Conversations For Transformation: Essays Inspired By The Ideas Of Werner Erhard

Conversations For Transformation

Essays By Laurence Platt

Inspired By The Ideas Of Werner Erhard

And More


Eyes Wide Om-pen

Spring Hill, Napa Valley, California, USA

January 15, 2011



"For me this is a practical matter. Instead of having the answer about God like some guy or some thing or some explanation or some anything, I have a space of possibility like an openness, like a place for God to show up in my life."
 ...   speaking with Reverend Terry Cole-Whittaker about God, in a seminar, circa 1975 AD 
"I am the father of this universe, the mother, the support, and the grandsire. I am the object of knowledge, the purifier, and the syllable 'Om'."
... Lord Krishna speaking with Arjuna about himself, in the Bhagavad Gita, circa 1500 BC
This essay, Eyes Wide Om-pen, is the fourth in a quadrilogy inspired by Werner's work in India:
  1. Werner Erhard Slide Experience
  2. Lucid Disclosures
  3. A Man Is The Crowd
  4. Eyes Wide Om-pen
in that order.



Werner Erhard recontextualized  enlightenment during his recent tour de force  in India. In bringing recontextualized enlightenment to India, Werner acknowledges India as the source of the practice of enlightenment. The practice of enlightenment ie the path  of (or to)  enlightenment has various disciplines, of which meditation  is integral to many.

Traditionally meditation is performed sitting with eyes closed, silently chanting a mantra  like ... "Om"  ... "Om"  ... "Om"  ...

I've meditated this way. I still do - from time to time. It's the great and gracious way of the yogi. Now there's a new possibility  for meditation. Not a better  way. Not even another  way. If it were another  way, it would just be a different  way. And a different way isn't a new way. No, this is a new possibility  for meditation

<aside>

It's also a new possibility for prayer. More about this later.

<un-aside>

Living, handling the circumstances and predicaments and situations coming at me ie handling the real  world, is handling the world out there  - not in here. Living in the real world doesn't go well with closed eyes. You may be able to get by tying your shoelaces with closed eyes. Just don't try driving your car down Main Street USA  with closed eyes. Nor is living forwarded by remaining immobile.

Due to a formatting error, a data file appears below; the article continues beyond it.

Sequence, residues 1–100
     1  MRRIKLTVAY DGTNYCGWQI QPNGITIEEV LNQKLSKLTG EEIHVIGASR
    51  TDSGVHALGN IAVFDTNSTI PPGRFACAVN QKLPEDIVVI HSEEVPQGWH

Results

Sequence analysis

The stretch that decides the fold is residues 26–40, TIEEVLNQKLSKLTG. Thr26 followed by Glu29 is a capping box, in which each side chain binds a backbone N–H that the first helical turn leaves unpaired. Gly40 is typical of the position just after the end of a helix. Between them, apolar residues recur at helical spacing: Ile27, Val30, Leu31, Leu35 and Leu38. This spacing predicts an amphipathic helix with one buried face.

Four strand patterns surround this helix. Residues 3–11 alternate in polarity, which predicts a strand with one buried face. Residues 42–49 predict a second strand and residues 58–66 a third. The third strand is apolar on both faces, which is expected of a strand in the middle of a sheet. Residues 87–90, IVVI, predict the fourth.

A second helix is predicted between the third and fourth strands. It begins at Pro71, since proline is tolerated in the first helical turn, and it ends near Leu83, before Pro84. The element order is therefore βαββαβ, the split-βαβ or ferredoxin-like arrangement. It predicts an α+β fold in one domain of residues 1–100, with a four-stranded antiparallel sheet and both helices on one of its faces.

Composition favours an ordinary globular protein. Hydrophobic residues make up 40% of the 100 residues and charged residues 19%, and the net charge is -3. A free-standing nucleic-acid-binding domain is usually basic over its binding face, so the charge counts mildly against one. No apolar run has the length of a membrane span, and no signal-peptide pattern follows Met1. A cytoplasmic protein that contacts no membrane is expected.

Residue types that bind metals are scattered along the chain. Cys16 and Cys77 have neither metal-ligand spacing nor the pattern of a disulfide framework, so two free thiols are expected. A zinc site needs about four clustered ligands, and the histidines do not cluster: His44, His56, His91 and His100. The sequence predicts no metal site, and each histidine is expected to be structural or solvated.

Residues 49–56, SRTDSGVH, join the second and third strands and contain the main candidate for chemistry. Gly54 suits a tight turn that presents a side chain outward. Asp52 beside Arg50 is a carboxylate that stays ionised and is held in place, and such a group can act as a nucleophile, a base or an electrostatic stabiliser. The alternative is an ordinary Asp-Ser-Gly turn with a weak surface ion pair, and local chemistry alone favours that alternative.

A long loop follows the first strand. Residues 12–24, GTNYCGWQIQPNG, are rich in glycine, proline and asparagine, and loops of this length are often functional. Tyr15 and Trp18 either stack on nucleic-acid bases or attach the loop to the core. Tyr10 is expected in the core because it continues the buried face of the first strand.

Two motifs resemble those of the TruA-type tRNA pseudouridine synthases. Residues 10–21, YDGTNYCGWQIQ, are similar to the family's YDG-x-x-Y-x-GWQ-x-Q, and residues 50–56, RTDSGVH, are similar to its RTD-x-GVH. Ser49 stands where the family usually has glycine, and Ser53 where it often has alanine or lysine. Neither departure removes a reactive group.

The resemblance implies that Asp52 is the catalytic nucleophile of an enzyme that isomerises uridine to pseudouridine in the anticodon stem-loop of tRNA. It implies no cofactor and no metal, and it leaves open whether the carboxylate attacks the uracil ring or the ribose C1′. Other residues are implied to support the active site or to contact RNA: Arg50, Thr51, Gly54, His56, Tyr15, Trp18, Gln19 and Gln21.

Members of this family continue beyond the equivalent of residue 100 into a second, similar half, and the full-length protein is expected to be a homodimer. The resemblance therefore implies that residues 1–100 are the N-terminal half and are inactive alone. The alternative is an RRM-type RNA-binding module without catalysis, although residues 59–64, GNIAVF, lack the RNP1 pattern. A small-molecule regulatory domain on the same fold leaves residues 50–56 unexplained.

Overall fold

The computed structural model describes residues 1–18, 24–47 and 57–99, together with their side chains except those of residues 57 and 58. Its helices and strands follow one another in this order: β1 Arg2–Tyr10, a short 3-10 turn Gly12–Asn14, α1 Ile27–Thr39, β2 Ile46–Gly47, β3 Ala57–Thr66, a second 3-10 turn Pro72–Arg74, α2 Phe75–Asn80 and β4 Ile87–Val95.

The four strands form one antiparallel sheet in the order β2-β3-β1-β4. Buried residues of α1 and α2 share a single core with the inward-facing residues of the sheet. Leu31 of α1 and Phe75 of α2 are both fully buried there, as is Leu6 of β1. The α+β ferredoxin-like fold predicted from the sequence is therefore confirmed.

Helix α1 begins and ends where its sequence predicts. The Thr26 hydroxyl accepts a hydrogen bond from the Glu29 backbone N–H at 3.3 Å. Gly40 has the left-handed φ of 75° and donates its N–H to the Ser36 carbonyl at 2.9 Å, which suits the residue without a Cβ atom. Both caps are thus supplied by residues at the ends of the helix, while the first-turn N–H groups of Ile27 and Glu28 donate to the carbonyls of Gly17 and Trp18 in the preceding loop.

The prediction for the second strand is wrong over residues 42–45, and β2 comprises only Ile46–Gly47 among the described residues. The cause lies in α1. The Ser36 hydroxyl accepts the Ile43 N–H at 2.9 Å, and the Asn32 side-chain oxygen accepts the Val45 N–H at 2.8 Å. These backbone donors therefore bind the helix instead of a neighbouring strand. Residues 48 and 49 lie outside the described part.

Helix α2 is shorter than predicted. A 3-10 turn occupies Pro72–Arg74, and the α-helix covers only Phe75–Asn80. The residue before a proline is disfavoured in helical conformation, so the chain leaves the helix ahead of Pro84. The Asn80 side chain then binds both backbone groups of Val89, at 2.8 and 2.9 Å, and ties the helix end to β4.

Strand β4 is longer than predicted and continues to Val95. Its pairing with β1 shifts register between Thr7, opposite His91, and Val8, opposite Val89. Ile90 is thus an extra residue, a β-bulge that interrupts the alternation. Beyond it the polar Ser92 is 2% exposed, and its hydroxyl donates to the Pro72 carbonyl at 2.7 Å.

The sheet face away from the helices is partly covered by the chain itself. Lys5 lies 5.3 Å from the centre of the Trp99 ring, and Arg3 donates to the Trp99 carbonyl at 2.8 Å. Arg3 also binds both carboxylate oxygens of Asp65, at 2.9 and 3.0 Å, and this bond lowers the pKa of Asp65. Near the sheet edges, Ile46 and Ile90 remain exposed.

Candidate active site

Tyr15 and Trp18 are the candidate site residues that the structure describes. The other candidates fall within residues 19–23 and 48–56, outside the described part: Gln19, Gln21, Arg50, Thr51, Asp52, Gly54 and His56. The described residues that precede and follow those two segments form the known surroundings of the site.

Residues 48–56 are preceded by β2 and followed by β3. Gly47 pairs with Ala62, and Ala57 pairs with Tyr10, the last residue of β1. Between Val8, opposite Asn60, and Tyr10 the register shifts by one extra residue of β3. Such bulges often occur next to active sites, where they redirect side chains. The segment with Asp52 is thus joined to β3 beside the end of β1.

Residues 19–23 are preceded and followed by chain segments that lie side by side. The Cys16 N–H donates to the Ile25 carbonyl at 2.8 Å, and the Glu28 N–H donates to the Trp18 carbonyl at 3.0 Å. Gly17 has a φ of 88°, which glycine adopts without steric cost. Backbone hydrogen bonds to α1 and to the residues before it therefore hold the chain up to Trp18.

So it occurs to me a new possibility for meditation could be to meditate with my eyes wide open. It occurs to me meditation could be performed with my eyes wide open while I do whatever I do  in the real world.

What does it mean  to meditate with my eyes wide open while I do whatever I do in the real world?

If meditation is performed with my eyes wide open while I do whatever I do in the real world, wouldn't that be ... well ... exactly  what I do when I live my life?  Wouldn't that be  my life? The purpose of meditation, it's been said, is to become fully integrated in Life. To fulfill this purpose, the most pragmatic (and enlightened)  practice of meditation would be to keep my eyes wide open while I do whatever it is I do in Life. Doesn't this imply this most pragmatic and enlightened practice of meditation is living my life and fully participating in Life, which is to say being fully integrated in Life?  Since this has the same intention as sitting with my eyes closed chanting "Om", doesn't this new possibility for meditation also fulfill the great and gracious way of the yogi?

On prayer:

If prayer  is defined as being in a loving conversation with God, and if God loves me and wants me to be fulfilled and have abundance and be happy, isn't living my life and fully participating in Life, the fulfillment of prayer? Isn't this also the fulfillment of God loving me, and me loving God? Isn't the mere fact I'm alive  the fulfillment of God loving me? So isn't me living my life and fully participating in Life ie isn't me living my God-given gift  the fulfillment of me loving God? Isn't this what prayer is? I mean, really? Yes. Really.

Transformation isn't a function of meditation. Neither is it a function of prayer. Transformation is the context for a new possibility  for both meditation and prayer. Transformation is a function of generating the experience of who I really am  for myself. In this context, what shows up is who the meditator  really is ("Om"  is optional) as who I really am. In this context, what shows up is who the pray-er really is as who I really am. It's who the meditator really is, it's who the pray-er really is, it's who I really am who creates the space for God to show up in my life.

Consider this (not like it's "the truth"  - rather like it's something to try on for size):  contrary to the widely held belief that both require closed eyes and / or sitting or kneeling, when I really  live my life with my eyes wide open while participating fully  in Life, I'm deeply honoring and truly fulfilling the intentions of both meditation and prayer.



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